But the contradictory and controversial are not entirely new to Grocott. A former dealer of 18th-century Irish and English furniture, he made his name with Plinth – the insider’s secret studio based in south London that made reworking antiques into fashionable interiors pieces, well, fashionable. In the process, he helped to spawn that English iconoclastic reborn/repainted/reworked antiques-as-modern-furniture trend of recent years. The story goes that Grocott had taken Plinth as far as he wanted to; he met Dwyer, one-time co-owner of the Yasmin Cho fashion boutique in Soho and then a buyer at Liberty, and a synthesis of aesthetics, minds and hearts was born.

Five years on, and serious or not, such “What do we do with it?” conversations and leisurely debates are commonplace between the two self-titled “non-interior decorators, non-designers”. Thus, at their low-key HQ – a little (work)shop in Porchester Place, yards from Tony Blair’s Connaught Square home – a very quiet design revolution is taking place.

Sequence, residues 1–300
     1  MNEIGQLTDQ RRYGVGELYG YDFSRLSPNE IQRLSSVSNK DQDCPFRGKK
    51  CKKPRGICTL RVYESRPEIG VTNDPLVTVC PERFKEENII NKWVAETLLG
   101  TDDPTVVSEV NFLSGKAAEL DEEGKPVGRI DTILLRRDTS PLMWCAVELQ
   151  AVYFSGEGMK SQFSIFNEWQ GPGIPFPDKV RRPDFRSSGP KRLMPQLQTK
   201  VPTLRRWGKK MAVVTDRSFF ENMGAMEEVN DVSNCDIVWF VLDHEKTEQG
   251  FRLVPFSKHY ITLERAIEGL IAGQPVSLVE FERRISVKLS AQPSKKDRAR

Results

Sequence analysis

Janet Fischgrund, a well-known fashion PR consultant and a Clarke & Reilly client, describes the duo as having “impeccable taste. I think David is a true artist, but Bridget has something about her; she’s a realist, and has this true appreciation of beautiful pieces and exquisite fabrics. The two working together leads to incredible creations that are very understated.”